Yes it really is true, chocolate is good for you and your skin! A 2015 Korean study found that supplementation with cocoa had positive effects on skin elasticity and wrinkle reduction in women aged 43-86*. Other studies have demonstrated reductions in UVB-induced wrinkle formation and collagen degradation following consumption of cacao powder, with evidence indicating that cocoa may alter the expression of genes linked to skin wrinkling*. This is not surprising, as raw cacao is one of the richest sources of antioxidants of all foods, being particularly high in a type of antioxidant called flavanols. As well as having strong protective effects, cocoa flavanols help maintain healthy blood flow, which tends to decline with age and is essential for delivering oxygen and nutrients around the body, including to the skin. Other proven benefits include reducing heart disease risk in post-menopausal women and protecting cognitive function and memory in the elderly*.
It is important to go for the good quality kind though – the best sources are raw cacao powder or raw chocolate, followed organic dark chocolate, containing at least 70% cocoa.
This sweet, tasty, summertime fruit is a top source of lycopene, an antioxidant linked with reduced ageing of the arteries and eyes, lowering cholesterol levels and reducing the risk of various diseases. In fact, watermelon contains 40% more lycopene than tomatoes. Lycopene protects skin against free radical damage and UV damage, which are two of the top causes of ageing. Its high water content (92% water) make it a great hydrator, especially in the hot weather or post exercise. High potassium levels can also help regulate water balance and have anti-bloating effects. In addition, it is a good source of vitamins C, A and B6.
As lycopene is fat soluble, combining it with fats will greatly improve its absorption; try combining with a few pistachio nuts as a snack or in a summery salad, it is delicious paired with feta and avocado.
The anti-ageing secret of the Japanese Okinawa population who regularly live to over 100 and maintain excellent health into old age. These colourful veggies are a super source of antioxidant anthocyanins, also found in other purple foods such as blackberries, aubergines and red cabbage. Purple sweet potatoes contain three times more antioxidants than blueberries. Health benefits include protecting blood vessels, lowering blood pressure* and reducing inflammation by suppressing the production of inflammatory chemicals*. There is some evidence that they can encourage weight loss by reducing fat accumulation and modulating energy expenditure. Beneficial effects on cholesterol levels, kidney and liver function have also been observed*. Also high in vitamins A and C, plus manganese and fibre. They can be used in exactly the same way as white or orange sweet potatoes, making great jackets, wedges and colourful mash. You could even try making the Japanese speciality of purple sweet potato ice cream!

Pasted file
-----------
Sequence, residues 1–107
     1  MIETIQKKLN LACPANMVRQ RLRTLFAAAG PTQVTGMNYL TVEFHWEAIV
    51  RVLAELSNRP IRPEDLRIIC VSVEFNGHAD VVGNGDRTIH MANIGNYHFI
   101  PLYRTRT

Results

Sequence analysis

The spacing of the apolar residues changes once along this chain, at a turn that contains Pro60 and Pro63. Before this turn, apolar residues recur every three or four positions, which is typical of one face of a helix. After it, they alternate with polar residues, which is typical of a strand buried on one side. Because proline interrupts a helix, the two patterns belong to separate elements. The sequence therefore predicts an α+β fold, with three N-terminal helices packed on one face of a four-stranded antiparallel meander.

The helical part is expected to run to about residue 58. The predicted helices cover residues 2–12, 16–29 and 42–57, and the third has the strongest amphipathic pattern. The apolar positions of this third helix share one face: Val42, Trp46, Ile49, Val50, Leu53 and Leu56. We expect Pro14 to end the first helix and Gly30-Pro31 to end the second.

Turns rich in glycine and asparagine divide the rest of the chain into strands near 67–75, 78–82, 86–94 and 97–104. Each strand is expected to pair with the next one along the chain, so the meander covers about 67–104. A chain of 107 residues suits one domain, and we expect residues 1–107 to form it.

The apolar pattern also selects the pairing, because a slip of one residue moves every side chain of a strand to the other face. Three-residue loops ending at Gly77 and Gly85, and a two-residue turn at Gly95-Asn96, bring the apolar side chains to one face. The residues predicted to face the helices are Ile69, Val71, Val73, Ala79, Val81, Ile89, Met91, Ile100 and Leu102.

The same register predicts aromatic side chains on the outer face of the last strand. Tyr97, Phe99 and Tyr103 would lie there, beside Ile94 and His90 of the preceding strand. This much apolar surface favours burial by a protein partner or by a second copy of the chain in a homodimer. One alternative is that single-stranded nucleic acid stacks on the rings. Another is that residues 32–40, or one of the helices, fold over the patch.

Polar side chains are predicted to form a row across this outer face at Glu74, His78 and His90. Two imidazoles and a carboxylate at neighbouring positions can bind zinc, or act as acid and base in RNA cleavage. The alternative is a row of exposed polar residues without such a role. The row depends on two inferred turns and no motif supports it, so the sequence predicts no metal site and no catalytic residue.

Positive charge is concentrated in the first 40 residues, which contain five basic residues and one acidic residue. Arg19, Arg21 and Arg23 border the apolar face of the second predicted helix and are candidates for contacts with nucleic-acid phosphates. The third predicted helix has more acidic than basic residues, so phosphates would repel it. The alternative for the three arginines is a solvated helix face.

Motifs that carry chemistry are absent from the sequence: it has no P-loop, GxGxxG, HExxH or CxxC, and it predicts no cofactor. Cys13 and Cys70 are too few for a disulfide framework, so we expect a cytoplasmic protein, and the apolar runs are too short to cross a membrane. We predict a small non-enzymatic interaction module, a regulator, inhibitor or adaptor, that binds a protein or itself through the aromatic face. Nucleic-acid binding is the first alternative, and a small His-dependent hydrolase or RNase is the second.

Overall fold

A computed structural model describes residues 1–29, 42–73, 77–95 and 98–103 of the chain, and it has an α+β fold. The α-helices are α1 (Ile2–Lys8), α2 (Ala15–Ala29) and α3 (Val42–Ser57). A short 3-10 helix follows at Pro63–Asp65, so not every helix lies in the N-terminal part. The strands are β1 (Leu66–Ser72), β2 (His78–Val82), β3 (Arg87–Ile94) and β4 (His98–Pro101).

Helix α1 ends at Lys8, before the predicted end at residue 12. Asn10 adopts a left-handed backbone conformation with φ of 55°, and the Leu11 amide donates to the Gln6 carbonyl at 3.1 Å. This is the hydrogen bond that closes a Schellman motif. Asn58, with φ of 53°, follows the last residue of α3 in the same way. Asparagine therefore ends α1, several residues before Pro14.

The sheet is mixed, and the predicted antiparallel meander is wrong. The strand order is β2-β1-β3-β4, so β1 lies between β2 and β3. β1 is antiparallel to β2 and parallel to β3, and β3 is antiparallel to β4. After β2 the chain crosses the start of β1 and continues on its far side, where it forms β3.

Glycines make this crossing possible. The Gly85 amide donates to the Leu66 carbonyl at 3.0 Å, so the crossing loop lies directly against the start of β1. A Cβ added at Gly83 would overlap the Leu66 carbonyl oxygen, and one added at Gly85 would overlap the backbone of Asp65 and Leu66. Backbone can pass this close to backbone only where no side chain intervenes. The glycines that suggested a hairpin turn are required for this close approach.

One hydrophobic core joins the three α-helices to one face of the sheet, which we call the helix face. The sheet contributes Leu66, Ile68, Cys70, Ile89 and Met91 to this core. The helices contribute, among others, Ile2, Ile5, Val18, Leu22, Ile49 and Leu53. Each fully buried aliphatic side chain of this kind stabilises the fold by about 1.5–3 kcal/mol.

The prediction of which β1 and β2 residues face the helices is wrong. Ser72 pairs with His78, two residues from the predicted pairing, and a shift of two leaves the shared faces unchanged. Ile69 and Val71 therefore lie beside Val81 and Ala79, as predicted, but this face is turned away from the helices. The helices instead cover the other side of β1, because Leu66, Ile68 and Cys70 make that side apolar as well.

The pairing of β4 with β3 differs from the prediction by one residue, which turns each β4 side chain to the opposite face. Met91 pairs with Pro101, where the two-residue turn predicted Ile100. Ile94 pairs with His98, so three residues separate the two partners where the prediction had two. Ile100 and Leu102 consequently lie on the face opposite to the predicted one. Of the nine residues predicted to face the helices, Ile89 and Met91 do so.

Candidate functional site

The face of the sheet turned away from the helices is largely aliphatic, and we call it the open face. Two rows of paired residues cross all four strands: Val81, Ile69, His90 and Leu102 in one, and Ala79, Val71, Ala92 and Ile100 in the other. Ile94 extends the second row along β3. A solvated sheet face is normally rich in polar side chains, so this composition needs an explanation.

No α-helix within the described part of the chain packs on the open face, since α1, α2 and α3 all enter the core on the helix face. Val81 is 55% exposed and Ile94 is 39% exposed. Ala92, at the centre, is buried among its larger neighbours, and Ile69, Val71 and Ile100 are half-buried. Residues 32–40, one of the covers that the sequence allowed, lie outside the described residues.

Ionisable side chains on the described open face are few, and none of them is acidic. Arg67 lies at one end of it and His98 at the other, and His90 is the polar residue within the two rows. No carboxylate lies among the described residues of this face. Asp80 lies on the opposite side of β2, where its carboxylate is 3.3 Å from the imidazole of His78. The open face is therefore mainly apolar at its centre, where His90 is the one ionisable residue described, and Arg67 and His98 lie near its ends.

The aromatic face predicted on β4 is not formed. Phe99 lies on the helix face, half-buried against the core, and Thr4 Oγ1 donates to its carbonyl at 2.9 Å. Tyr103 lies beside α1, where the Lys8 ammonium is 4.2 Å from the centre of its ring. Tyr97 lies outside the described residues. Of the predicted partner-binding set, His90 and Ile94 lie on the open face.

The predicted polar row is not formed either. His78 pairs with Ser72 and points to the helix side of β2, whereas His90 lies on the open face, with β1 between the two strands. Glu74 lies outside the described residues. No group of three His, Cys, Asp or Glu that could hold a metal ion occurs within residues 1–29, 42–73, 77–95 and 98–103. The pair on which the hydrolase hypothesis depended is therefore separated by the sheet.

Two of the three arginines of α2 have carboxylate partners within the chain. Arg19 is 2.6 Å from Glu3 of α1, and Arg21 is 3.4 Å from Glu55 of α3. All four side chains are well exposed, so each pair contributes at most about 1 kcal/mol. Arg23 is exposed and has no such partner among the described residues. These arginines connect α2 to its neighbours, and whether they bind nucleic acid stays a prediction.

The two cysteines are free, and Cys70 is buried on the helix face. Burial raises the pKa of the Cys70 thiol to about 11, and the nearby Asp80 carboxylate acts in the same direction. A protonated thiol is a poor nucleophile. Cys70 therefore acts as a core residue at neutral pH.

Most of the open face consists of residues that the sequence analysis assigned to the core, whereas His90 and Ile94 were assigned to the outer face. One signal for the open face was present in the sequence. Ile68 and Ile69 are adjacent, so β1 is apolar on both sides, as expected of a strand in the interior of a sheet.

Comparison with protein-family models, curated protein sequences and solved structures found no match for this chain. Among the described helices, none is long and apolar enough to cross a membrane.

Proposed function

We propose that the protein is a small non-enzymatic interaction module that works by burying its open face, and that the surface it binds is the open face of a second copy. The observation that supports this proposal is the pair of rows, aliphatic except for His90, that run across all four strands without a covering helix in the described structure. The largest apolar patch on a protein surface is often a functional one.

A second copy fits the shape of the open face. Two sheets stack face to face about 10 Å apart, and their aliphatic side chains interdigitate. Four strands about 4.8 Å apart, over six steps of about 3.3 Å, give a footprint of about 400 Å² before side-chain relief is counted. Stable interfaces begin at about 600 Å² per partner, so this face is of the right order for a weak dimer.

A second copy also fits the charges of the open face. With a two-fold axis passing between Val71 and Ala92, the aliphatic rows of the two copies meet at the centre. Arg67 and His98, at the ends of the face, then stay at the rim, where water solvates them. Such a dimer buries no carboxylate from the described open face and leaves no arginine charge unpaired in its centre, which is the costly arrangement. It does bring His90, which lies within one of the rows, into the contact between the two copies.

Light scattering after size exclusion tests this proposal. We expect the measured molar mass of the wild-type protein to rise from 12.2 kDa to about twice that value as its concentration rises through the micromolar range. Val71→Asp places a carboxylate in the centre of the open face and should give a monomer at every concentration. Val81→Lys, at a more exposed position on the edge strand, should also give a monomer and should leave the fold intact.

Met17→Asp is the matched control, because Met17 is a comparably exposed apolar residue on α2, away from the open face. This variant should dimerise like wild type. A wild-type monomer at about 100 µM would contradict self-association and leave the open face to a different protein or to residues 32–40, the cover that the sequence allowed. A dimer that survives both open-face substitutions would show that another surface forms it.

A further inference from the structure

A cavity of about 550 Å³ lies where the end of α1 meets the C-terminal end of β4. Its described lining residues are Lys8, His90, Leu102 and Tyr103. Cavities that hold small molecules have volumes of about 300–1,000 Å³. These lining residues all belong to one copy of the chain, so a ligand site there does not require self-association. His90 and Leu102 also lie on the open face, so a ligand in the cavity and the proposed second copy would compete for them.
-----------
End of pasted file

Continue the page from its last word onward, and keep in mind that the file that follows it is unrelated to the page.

Contains a substance called curcumin, which has potent anti-inflammatory and antioxidant properties. In India it has long been used as a facemask, mixed with honey for it’s anti-ageing properties. Turmeric helps protect skin against ageing, as it not only acts as an antioxidant itself, but also boosts the activity of the body’s own inbuilt antioxidant enzymes, so its actions against free radicals are two-fold. Turmeric also supports liver detoxification enzymes, which has benefits for the skin and overall health and vitality. Turmeric supplements have been shown to improve blood flow, blood vessel health and to boost heart health in middle aged and older adults (aged 45-74) after just 12 weeks*. There are also benefits for mood with studies showing improvements in work-related stress, fatigue, depressive symptoms, anxiety and quality of life (9,10) Other benefits include improving joint health, lowering cholesterol, protecting the bones and preserving memory function.
You can add turmeric powder to curries, soups, daal and even smoothies and lattes. Grated fresh turmeric root also makes a fantastic energising tea.
Blueberries, raspberries, blackberries, strawberries and other berries are rich in flavonoids, a type of antioxidant that protects the skin against free radical damage and ageing. Berries are also an excellent source of vitamin C – 1 cup provides more than 100% RDA – which is needed for healthy collagen formation. Heart-healthy blueberries have been scientifically proven to help lower blood pressure and keep blood vessels healthy; 3 or more servings a week has been linked to a 32% lower risk of heart attacks. Berries are good for keeping the eyes healthy and protecting the eyesight against damage and ageing. Regular berry consumption among women is also associated with an 18% reduced risk of the age-related condition type 2 diabetes*. Furthermore, the polyphenols in berries have been shown to promote healthy brain ageing by improving the communication between brain cells, protecting learning and memory and reducing age-related cognitive decline*.
Ideally, include at least one serving of berries every day. They are great with oats for breakfast or as a healthy and portable snack.